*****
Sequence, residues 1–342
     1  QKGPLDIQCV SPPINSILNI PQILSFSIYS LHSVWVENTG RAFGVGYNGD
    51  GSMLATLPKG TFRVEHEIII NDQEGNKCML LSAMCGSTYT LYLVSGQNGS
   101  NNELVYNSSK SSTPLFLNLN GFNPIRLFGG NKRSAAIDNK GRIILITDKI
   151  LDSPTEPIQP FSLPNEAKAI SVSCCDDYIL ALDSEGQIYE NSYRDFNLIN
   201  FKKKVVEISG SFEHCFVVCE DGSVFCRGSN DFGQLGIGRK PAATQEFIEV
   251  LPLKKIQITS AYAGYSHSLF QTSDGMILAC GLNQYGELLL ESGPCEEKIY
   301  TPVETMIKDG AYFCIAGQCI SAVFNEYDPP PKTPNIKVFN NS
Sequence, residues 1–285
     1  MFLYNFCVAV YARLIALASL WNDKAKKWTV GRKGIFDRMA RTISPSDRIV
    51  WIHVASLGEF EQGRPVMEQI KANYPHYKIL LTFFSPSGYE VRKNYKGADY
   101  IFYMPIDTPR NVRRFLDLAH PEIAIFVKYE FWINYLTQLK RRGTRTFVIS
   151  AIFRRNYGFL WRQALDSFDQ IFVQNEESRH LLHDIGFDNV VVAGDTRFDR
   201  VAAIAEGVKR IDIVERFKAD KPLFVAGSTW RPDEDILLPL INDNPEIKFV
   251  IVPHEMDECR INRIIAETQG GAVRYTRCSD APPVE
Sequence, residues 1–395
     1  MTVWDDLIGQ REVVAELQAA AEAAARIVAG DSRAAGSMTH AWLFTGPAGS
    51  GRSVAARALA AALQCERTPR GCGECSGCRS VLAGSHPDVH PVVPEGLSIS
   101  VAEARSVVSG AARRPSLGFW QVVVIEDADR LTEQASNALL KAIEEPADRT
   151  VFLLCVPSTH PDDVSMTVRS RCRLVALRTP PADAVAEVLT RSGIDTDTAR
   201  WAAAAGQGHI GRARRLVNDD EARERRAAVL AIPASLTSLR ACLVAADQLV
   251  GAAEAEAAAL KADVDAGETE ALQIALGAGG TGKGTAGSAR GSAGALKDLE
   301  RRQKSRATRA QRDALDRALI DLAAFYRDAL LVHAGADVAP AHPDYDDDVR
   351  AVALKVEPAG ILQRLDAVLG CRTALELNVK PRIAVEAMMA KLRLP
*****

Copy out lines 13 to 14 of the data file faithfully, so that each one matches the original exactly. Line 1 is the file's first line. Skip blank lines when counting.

   151  AIFRRNYGFL WRQALDSFDQ IFVQNEESRH LLHDIGFDNV VVAGDTRFDR
   201  VAAIAEGVKR IDIVERFKAD KPLFVAGSTW RPDEDILLPL INDNPEIKFV